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3 more ways your business can be more persuasive and influential

Today, we’re continuing our series on communication. Over the next several weeks, we’ll be sharing insights, strategies, and tips for communicating during all kinds of circumstances: under stress, in the workplace, when delivering a presentation, and so on. The valuable content we provide will help you excel as a communicator and gain a highly coveted skill that can see you rise in both your personal and professional life.

Last time, we discussed communication in the sense of a business communication plan, specifically focusing on 3 ways your business can be more persuasive and influential.

Today, we’ll share 3 more principles of persuasion that you can start incorporating into your business communications plan today.

They are as follows:


  1. Scarcity

You’ve no doubt witnessed scarcity in action at some point. In fact, it seems almost every week, there are advertisements on TV, in newspapers, or online that use common lingo such as “for a limited time only”, “this Saturday only”, or “sale ending soon.”

Scarcity is an extremely powerful method of persuasion. When British Airways announced some time back that they would no longer be running their twice daily route from London to New York, sales took off the very next day. Why? Because when people perceive that there’s less of something to go around, they want it even more.

How to incorporate it into your business communication plan?

It’s easy to use scarcity in your business communication plan. The next time you present an offer to your audience, put a timeline on it. For instance, you might say that registration or a special discount will end on Friday at midnight. Alternatively, you can use numbers to represent scarcity, i.e. “we will only be taking on 5 new clients this month.”


  1. Consistency and Commitment

This particular principle deals with two concepts. One has to do with self-image, which is the way that people think of themselves. When your audiences comes across an idea that they believe fits in with their self-image, they’re more likely to convert (i.e. subscribe to your newsletter, invest in your services, etc.) This is because people generally want to be consistent. To take that one step further, they also tend to want to follow through on their commitments, especially if that action meshes with their self-image.

How to incorporate it into your business communication plan?

As far as consistency goes, you need to ensure that your company’s brand resonates with your target audience. Your business communication plan, therefore, should be very clear on the persona you hope to reach with your messaging and services. Who are they? What are their struggles? How can you help them? The clearer you get in this area, the more your brand will ring true for your audience. As far as commitment, when you invite people to take smaller actions, it paves the way for them to make bigger commitments in the future (i.e. invest in your products and services). Some ideas for small actions: ask for follows/likes on social media, invite your virtual audience to watch your newest video, or encourage them to fill out a form such as a consultation form or a survey.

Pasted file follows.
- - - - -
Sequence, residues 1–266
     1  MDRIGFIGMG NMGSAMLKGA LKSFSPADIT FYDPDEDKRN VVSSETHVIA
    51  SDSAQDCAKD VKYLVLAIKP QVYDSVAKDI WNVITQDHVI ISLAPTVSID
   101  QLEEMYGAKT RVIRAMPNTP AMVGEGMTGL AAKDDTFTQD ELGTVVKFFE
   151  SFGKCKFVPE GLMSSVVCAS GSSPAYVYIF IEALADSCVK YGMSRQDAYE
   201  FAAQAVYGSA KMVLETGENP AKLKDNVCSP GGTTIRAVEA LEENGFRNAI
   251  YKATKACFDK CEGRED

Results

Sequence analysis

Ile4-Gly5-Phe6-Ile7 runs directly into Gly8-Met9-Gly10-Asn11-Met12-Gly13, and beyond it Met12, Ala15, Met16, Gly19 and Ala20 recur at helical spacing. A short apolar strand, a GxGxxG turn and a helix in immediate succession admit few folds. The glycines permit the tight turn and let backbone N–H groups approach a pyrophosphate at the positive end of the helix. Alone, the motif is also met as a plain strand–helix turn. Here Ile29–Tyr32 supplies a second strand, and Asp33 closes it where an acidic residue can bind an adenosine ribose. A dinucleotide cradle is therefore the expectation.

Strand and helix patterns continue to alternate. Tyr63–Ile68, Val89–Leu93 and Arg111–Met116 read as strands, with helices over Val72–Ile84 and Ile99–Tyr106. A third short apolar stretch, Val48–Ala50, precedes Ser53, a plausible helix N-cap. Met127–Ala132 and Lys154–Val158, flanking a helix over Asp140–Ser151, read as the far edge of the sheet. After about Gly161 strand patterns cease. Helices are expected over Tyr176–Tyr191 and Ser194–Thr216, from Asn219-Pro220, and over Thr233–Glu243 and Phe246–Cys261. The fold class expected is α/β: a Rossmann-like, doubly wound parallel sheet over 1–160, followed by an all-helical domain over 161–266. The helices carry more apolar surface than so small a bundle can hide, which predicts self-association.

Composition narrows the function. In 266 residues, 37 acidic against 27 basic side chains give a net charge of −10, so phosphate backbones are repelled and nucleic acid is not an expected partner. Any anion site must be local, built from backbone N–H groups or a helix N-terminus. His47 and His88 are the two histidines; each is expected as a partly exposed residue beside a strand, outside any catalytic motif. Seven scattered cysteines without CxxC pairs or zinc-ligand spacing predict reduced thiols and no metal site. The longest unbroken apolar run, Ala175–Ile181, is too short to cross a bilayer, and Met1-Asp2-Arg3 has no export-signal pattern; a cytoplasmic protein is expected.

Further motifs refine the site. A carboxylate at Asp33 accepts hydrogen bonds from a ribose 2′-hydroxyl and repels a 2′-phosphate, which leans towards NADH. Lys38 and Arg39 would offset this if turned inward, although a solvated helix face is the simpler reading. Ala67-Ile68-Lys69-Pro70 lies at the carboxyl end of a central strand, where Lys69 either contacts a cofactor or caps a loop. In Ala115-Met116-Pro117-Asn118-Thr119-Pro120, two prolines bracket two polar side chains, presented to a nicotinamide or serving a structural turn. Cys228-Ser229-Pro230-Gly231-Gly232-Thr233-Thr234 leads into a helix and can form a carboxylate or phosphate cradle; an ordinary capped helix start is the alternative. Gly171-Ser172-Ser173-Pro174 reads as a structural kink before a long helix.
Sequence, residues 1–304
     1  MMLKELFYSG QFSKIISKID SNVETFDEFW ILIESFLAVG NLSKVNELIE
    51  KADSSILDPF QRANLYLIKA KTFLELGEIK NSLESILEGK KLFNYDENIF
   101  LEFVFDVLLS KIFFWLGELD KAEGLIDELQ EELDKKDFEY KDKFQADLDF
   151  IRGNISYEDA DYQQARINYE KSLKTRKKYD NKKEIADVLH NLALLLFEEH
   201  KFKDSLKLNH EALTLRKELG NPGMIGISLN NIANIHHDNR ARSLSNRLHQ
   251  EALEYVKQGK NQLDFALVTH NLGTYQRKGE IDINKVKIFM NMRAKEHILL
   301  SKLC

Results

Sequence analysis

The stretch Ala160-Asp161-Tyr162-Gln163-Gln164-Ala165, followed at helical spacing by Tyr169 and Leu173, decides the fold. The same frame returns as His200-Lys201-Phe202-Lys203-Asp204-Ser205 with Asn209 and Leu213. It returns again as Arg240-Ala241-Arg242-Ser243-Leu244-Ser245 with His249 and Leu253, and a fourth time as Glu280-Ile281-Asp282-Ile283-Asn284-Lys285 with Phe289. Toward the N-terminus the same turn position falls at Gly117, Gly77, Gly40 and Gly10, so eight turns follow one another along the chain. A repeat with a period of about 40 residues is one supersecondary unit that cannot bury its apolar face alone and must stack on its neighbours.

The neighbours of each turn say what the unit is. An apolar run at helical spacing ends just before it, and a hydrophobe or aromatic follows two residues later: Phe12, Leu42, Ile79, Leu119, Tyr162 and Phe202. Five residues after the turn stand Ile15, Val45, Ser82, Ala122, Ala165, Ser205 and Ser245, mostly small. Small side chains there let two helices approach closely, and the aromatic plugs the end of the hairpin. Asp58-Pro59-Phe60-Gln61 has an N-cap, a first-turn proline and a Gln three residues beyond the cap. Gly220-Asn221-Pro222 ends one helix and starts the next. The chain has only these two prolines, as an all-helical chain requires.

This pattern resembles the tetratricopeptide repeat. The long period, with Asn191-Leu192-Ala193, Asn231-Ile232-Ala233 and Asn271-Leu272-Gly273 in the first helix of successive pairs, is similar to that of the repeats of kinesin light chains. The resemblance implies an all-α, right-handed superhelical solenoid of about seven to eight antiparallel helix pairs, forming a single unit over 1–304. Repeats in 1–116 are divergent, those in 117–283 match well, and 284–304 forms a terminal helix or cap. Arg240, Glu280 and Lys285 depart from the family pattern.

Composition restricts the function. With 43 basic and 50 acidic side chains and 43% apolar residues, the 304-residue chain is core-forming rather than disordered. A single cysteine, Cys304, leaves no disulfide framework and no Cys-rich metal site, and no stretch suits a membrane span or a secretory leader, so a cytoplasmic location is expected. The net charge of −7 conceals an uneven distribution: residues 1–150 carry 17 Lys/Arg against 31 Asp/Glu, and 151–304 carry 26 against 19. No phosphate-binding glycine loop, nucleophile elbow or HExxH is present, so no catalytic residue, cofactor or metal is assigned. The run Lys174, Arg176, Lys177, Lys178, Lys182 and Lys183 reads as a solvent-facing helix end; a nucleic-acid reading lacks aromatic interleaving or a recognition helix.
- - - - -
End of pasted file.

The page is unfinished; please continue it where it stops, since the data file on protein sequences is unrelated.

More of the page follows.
1. Liking

Digital marketer Jeremy Smith says this: “The people most likely to buy from you are people that like you. If you train children to be salespeople, they should first try selling to friends and family. Why? Because they have established relationships with them. The friends and family love them, and they will probably make a purchase.

“Likability is a huge form of influence. Successful salespeople are those who are likeable. They smile. They say nice things. They establish likeability in order to get the sale.”

How to incorporate it into your business communication plan?

“Online relationships are not completely absent of the chemistry and likability that comes from offline relationships,” Jeremy Smith goes on to say. “In fact, you can create an even more likable persona online, because you don’t have to worry about people catching you in a bad mood or on a bad day. You can intentionally put forth the likable image that you want.”

How to put forth a likeable image in your business communication plan? One idea is to use pictures of people throughout your website. Studies show that high-converting images are those that show people’s faces. Additionally, avoid a formal, corporate voice that tends to be overloaded with industry-related jargon. Instead, adopt a casual voice that others can relate to. Finally, maintain a positive and active presence on social media, so that your business puts forth the image of being more approachable.



The above strategies can be easily integrated into your business communication strategy in no time, and when you utilize these methods of persuasion and influence, you’ll set your business ahead of the rest and stand out in the marketplace like never before.

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